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Miami Beach Police Department Buys Two Drones for $17,000

Miami Beach Police Department Buys Two Drones for $17,000EXPAND
Brittany Shammas
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In 2010, Miami-Dade County Police became the first law enforcement department in the nation to buy a drone. The $50,000, military-grade flying robot was paid for with a U.S. Department of Justice grant. But although buying an expensive drone is easy enough, figuring out how to legally fly what is basically a garbage can full of privacy-invading cameras is hard to do. So MDPD's drone has sat virtually unused since 2011.

That fact did not deter Miami Beach Police from recently buying two drones for $17,000.

City Manager Jimmy Morales announced the robo-buy in a letter to the Miami Beach City Commission last week, stating the department believed it needed a drone to monitor "life-threatening" situations in the Beach's high-rises. If a crazed person with a gun is barricaded inside a 34th-floor apartment, a drone could, theoretically, be used to get a good look at the situation.

"In a city of high-rise buildings and open space, there are circumstances in which it will be critical for the police department to have [unmanned aircraft systems'] flight and camera capability to see into areas where a threat exists (e.g., a gunman or a hostage-taker in a high-rise apartment) or to look for a lost child or missing person in a park or on a beach," Morales wrote March 15.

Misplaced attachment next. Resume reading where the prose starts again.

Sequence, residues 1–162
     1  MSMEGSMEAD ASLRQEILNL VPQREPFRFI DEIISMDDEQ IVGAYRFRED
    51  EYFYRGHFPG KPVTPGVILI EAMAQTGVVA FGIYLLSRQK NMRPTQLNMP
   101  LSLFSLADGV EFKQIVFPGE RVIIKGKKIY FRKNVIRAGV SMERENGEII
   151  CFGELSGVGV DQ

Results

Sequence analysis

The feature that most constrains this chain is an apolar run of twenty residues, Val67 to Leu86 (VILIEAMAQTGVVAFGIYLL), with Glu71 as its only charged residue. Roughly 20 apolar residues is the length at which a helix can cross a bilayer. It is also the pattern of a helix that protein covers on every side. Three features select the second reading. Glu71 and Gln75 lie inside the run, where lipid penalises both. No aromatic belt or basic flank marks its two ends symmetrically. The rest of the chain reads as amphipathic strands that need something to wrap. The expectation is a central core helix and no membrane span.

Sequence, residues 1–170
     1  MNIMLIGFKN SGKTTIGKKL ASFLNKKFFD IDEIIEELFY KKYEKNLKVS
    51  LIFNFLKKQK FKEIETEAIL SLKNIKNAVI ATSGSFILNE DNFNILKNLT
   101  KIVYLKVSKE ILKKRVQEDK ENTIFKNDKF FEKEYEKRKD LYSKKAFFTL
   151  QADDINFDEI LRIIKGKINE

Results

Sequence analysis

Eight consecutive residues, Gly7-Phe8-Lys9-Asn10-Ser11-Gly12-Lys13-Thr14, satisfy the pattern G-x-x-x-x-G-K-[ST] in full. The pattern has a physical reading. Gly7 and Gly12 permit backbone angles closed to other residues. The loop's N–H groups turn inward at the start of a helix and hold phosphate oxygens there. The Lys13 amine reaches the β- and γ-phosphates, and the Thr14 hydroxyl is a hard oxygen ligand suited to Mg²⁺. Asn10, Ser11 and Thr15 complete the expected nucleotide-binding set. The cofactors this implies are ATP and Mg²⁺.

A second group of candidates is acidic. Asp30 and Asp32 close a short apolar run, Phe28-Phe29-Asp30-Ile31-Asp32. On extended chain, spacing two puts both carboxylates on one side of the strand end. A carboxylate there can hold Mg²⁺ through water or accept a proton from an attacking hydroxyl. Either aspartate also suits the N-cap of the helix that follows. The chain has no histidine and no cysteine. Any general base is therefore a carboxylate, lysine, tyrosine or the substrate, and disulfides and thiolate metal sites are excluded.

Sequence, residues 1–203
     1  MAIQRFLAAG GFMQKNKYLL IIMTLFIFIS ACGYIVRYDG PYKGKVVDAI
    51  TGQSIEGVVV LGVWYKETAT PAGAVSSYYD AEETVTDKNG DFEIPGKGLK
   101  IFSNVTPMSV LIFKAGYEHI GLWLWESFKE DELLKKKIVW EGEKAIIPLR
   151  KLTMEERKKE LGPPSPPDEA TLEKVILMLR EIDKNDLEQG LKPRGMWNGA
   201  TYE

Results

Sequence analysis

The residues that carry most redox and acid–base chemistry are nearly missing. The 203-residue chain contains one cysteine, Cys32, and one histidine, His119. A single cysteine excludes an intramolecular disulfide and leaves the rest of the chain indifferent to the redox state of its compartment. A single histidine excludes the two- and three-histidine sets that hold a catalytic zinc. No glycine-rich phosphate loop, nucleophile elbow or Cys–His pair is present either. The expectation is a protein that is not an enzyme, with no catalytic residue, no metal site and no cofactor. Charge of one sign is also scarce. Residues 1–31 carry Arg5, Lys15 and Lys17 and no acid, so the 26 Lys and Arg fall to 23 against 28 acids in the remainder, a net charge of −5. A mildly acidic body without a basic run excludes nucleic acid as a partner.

MBPD spokesperson Ernesto Rodriguez said Friday he could not immediately list the exact make or model of the drones Miami Beach bought. One of the drones will be used in the field, and one is a training unit. The letter to the commission says the department has been working for two years to buy a drone.

But the city manager also included MBPD's full policy statement about when, where, and why officers are allowed to use the hovering robot. MBPD won't be allowed to deploy the drones unless "swift action is needed to prevent imminent danger to life or property." So the department can't fly the bots over any crowd it pleases. But once the cops determine there's an "imminent" threat, they'll be legally allowed to use the drones to get a bird's-eye view of crime scenes or to fly during search-and-rescue operations.

The policy also authorize vaguer usage for "tactical deployment" in "emergency situations" when there's "imminent danger." Likewise, the drones can be used for "visual perspective" purposes for crowd control or traffic direction in emergency situations.

When the Miami-Dade Police Department bought its drone in 2010, lawmakers and residents feared that cops would fly tiny cameras next to every window in the county. But that reality hasn't come to pass thanks to the Federal Aviation Administration. Both Miami-Dade and Miami Beach PD can fly their drones only according to FAA procedure — which says drones must be flown lower than 400 feet, away from people, and in the operator's constant sight.

But regardless of FAA rules, any police drone program deserves a healthy dose of scrutiny. Earlier this year, the Los Angeles County Sheriff's Department also bought some new drones, but after that department in 2012 was caught using a small plane to spy on Compton residents, the LA Times warned its cops not to abuse their surveillance tools again.

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